The benefits of multi-age classrooms
Step into any classroom at Oak Meadow, and right away you’ll notice a significant differentiator — our Montessori multi-age classrooms. Parents often ask me, “why does the school put younger and older students together, in two- or three-year groupings?” I’ve spent most of my career in schools with single-grade classrooms, so I really appreciate the advantage of a multi-age classroom approach. Here are the benefits I see: improved academic outcomes, more self-motivation and personal well-being; meaningful opportunities to work in collaboration with peers; developing skills in listening and empathy; and becoming effective team members.
Scientific research shows that students do better when they can work at the front edge of their own expanding capabilities, and not be limited to the same learning pace as every other student. The goal is mastery, and a multi-age classroom facilitates learning by adjusting to the child’s pace. Scientific research shows that students benefit significantly when they can observe students working just ahead of their own level of mastery. Students can see examples of what they might be able to do next as they keep learning and growing. Scientific research shows that the best learning happens in an environment where less experienced apprentices work with more experienced mentors. Younger students learn from their mentors, and mentors grow too by explaining what they know to younger students. Scientific research shows that students do better at school when they can stay with one teacher for three years, giving the teacher the opportunity to really know the student.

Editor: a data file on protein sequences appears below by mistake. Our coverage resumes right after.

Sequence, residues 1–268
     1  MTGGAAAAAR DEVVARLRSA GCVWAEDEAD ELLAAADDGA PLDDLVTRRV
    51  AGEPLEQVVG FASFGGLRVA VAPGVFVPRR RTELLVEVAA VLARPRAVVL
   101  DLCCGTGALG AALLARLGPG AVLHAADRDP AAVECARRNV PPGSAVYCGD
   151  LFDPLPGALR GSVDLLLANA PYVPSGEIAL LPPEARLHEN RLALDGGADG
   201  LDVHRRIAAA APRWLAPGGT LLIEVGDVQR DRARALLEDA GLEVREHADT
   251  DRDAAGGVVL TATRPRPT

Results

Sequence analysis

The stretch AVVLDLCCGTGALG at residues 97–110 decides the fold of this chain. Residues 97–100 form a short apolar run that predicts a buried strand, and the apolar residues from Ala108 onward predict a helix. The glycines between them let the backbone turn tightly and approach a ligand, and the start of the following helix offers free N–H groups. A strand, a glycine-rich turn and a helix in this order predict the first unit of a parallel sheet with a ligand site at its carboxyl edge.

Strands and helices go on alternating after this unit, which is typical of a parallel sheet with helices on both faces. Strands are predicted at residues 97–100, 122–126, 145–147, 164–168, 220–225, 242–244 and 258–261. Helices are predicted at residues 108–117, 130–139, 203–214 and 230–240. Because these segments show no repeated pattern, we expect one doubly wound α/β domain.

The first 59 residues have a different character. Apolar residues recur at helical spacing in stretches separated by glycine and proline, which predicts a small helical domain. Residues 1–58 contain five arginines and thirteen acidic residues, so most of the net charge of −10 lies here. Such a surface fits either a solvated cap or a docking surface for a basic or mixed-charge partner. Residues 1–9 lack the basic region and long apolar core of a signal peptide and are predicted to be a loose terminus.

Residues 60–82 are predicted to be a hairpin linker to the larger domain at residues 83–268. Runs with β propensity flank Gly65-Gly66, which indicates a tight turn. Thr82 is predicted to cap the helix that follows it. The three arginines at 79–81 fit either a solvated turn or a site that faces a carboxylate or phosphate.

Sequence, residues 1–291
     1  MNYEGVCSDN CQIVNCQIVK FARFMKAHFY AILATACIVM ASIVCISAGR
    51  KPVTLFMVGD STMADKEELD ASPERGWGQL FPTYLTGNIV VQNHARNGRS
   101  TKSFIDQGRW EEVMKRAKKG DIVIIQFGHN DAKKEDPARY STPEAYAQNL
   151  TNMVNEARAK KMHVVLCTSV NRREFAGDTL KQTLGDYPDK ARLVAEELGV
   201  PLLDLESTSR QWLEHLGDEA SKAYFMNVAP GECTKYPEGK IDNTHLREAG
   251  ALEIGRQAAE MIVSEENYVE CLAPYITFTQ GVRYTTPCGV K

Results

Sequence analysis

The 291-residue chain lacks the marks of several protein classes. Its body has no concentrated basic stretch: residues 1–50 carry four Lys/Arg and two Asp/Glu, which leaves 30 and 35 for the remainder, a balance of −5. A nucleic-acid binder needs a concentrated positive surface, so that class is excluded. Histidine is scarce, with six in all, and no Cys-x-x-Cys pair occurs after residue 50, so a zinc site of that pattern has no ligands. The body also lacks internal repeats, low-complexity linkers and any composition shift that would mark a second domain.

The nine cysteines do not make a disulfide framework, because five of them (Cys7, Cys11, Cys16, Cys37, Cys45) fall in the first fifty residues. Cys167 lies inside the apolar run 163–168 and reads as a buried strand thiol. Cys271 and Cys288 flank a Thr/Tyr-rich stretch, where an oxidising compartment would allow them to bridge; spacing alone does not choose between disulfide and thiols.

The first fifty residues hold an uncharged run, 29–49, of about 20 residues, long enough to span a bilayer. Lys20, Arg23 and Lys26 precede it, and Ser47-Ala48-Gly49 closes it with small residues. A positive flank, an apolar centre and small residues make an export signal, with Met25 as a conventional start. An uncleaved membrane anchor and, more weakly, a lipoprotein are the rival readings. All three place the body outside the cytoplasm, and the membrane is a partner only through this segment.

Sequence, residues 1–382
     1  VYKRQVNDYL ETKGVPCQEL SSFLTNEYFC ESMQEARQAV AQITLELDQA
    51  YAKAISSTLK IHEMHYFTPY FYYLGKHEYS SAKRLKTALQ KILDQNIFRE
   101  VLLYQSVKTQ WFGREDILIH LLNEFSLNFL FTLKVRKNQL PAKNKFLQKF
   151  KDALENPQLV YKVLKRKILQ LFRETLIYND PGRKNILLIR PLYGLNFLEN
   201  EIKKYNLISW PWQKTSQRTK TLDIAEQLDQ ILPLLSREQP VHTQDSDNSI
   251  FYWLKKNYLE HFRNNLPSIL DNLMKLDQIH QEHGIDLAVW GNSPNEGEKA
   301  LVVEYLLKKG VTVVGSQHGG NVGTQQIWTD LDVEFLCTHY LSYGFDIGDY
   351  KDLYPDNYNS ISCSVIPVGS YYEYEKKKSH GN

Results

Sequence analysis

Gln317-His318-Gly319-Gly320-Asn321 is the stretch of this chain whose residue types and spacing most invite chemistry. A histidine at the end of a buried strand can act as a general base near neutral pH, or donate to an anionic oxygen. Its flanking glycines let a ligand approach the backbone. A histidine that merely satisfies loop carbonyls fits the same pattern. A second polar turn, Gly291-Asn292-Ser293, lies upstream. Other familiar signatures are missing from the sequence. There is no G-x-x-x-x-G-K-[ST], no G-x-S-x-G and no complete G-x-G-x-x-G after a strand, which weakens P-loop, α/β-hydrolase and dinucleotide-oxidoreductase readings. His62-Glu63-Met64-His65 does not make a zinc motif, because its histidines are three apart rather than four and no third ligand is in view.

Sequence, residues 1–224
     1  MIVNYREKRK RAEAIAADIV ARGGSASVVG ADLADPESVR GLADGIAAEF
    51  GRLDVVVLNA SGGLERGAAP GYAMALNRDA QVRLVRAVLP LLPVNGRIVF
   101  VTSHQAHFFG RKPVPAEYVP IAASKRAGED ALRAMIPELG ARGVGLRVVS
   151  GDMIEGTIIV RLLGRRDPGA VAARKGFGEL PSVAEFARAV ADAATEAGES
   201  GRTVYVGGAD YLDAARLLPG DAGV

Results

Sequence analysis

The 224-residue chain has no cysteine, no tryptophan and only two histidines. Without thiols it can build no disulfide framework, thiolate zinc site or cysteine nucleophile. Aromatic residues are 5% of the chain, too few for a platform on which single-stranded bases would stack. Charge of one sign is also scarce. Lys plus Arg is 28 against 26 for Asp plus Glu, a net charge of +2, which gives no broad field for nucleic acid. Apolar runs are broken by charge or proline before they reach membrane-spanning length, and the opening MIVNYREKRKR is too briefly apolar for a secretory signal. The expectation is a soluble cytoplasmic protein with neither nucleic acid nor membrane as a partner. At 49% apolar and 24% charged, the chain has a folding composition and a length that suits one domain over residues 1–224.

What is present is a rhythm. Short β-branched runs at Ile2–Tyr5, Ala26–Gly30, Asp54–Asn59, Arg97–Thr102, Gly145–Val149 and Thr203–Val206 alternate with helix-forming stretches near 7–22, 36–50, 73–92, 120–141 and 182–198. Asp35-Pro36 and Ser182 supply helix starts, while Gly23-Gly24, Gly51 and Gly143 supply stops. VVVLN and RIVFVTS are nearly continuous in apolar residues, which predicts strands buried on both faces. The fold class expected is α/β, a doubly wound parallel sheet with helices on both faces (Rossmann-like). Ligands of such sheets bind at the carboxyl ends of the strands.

There is growing interest in multi-age learning in schools nationwide, and Montessori is leading this charge. It’s a model with proven benefits for all students.